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Apr 7, 2012

Corydoras hastatus


 
Community Tank
A dwarf species and the third mentioned so far in the blog. C. hastatus are quite easy to spawn without much effort in planted aquarium setting probably due to they are more accustomed to it as their nature habitat. Likely you may not even know when they did.
About an inch at adult size, C. hastatus is a good mid-swimmer and are a welcome addition to a mainly bottom dwelling corydoras tank.


C. hastatus pair on the upper left of the community tank in the right photo. As you can see they are quite small compared to the other corydoras species - C. seussi pair and C. agassizii in the foreground.




L-Pic: C. hastus egg - almost translucent
C-Pic: C. hastatus egg (L) C. duplicareus egg (R)
R-Pic: Different stages of fry development
   Their eggs are relatively small of about 1mm and about half the length size of C. duplicareus. At birth and days after,  babies are bottom dwellers.

Notice the unique pattern of few days old fry in the extreme right of the left photo, R-Pic. Do remember to click the photo to get a close-up view because seldom we get a chance to see them. (Miracle of Life Forming).


Brine Shrimp

C. hastatus, Adult (L), Juvenile(R)
Breeding is easy. The catch is how to raise the frys to adulthood since at birth they are much smaller and quite picky on the food that they will eat. Hunger strike till death is not uncommon. :(  Micro live brine shrimps have to be specially hatched to ensure their survivals as they prefer live food that are able to fit into their small mouth. Alternatively small daphnia or some micro organisms which are found in ponds may do but will not be as clean.

The process of hatching Brine Shrimp is a bit tricky and tedious if you do it the first time. There are different methods and quality of the eggs to consider. If you are interested to do an internet search, there is also complete kit on sale. The hard part is ability to purchase quality brine shrimp eggs locally and timing their hatching to support the first few feeds critically needed to ensure the frys do not die of hunger.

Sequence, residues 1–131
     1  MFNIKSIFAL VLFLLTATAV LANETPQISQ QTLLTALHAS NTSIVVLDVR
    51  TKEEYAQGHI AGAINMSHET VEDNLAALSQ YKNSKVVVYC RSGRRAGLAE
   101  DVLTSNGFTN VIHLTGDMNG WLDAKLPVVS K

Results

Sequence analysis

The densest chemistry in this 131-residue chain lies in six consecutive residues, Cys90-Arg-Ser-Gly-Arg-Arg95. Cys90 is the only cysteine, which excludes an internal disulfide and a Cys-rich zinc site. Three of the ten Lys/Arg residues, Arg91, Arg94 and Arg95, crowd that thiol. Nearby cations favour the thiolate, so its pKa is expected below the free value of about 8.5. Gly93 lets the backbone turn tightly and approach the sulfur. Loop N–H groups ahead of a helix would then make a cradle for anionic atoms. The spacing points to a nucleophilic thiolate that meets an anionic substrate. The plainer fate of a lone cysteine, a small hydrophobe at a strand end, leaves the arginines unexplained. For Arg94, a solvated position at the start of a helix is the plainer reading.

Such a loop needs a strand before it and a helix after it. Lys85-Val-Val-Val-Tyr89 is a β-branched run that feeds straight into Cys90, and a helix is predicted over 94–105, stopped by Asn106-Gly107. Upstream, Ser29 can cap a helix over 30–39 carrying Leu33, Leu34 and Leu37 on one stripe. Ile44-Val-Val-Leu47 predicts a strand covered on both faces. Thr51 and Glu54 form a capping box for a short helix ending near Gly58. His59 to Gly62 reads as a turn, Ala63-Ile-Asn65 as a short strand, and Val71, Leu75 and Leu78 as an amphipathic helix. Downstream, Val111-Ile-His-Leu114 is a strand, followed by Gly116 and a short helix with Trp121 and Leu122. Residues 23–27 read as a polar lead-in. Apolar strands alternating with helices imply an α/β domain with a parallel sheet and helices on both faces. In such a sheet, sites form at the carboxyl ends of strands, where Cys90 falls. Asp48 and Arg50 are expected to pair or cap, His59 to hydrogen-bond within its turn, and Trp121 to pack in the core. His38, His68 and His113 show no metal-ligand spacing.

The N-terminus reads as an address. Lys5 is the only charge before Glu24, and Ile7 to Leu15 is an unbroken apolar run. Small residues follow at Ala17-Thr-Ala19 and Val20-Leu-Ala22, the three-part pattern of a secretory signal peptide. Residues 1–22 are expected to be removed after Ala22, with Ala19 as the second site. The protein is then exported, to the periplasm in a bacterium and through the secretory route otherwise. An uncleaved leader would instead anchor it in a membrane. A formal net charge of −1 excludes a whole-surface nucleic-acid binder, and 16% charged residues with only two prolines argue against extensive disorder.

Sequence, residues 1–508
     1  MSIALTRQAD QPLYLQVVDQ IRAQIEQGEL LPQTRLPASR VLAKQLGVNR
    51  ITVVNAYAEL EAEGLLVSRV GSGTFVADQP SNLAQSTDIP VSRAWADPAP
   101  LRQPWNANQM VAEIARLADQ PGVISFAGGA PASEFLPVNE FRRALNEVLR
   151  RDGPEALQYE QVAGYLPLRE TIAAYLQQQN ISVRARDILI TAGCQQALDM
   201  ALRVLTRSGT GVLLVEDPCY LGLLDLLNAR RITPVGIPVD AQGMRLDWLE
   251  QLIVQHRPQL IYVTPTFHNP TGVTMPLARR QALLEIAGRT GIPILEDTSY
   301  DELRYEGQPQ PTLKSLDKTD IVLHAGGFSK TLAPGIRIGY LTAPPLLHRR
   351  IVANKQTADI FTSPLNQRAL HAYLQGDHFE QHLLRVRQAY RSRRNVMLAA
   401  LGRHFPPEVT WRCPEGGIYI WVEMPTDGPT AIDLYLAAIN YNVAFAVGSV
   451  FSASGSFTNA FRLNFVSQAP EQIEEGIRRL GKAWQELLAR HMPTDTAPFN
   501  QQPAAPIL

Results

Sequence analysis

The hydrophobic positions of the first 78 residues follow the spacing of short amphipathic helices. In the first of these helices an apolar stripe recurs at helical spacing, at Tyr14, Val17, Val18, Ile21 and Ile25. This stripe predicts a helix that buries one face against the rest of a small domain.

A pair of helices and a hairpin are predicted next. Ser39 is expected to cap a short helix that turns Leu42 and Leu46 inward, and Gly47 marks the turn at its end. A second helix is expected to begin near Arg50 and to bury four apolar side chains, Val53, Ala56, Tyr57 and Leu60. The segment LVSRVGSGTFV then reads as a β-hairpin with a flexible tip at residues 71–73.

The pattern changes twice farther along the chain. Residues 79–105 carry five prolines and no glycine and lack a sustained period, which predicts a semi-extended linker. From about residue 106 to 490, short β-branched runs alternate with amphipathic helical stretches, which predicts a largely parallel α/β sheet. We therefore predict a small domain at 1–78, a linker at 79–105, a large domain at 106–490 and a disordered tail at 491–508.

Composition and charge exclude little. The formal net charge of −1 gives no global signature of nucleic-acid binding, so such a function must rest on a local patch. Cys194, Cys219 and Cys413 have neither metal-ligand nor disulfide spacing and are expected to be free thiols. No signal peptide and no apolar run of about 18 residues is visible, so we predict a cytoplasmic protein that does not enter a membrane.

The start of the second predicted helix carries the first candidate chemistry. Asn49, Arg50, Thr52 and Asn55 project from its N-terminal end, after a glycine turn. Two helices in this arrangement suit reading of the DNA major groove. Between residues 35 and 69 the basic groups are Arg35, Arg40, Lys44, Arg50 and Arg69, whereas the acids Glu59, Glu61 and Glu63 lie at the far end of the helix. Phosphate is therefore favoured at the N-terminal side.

Wiki link: http://en.wikipedia.org/wiki/Brine_shrimp

Normal C. hastatus juvenile

After a few weeks, the fry developed colouration of their parent. Once they start to take-off, they are almost ready to be released into the community tank.











Dark C. hastatus juvenile



In natural condition, fry abnormality (See right picture) is not unknown but chances of survival is small. However in a breeder enclosed eco-system another sub-species may emerge.

Breeded in 2005. Hope you enjoy my article today.


Cory
7th April 2012

7 comments:

  1. Thanks for this! I keep looking for these, and haven't found them yet but will continue the search. They are indeed adorable!

    ReplyDelete
  2. Hi, This is exciting !

    I just got some and tried feed Hikari Algae wafer, Carnicore tabs, micro pellets, frozen blood worms but they wouldn't eat anything except tubifex worms. Many of them are getting very skinny. Any advice please?

    Thanks! :)
    Kenny

    ReplyDelete
  3. 1. Try chopping up the frozen worms to smaller pieces.
    2. Buy frozen dapnia
    3. Frozen brine shrimp is ideal. Remember to breakaway sides of shell residue that is settled after frozen. You can see it by holding the frozen block against the light.
    4. In some places they may sell live brine shrimps. You can feed some and freeze the rest.

    ReplyDelete
  4. To clarify ... i mean Baby Brine Shrimp.

    ReplyDelete
  5. Thank you very much!
    Will try out your methods ASAP :)

    ReplyDelete
  6. Where can I find these? I had a few and lost all but 1...he is getting very lonely!

    ReplyDelete
  7. Sorry for the late reply. Such fishes can be seasonal. Typical LFS though not commonly seen. C. hastatus is relative common among corydoras species but not as much as C.aeneus in Asia part of region like Taiwan and Singapore.

    ReplyDelete

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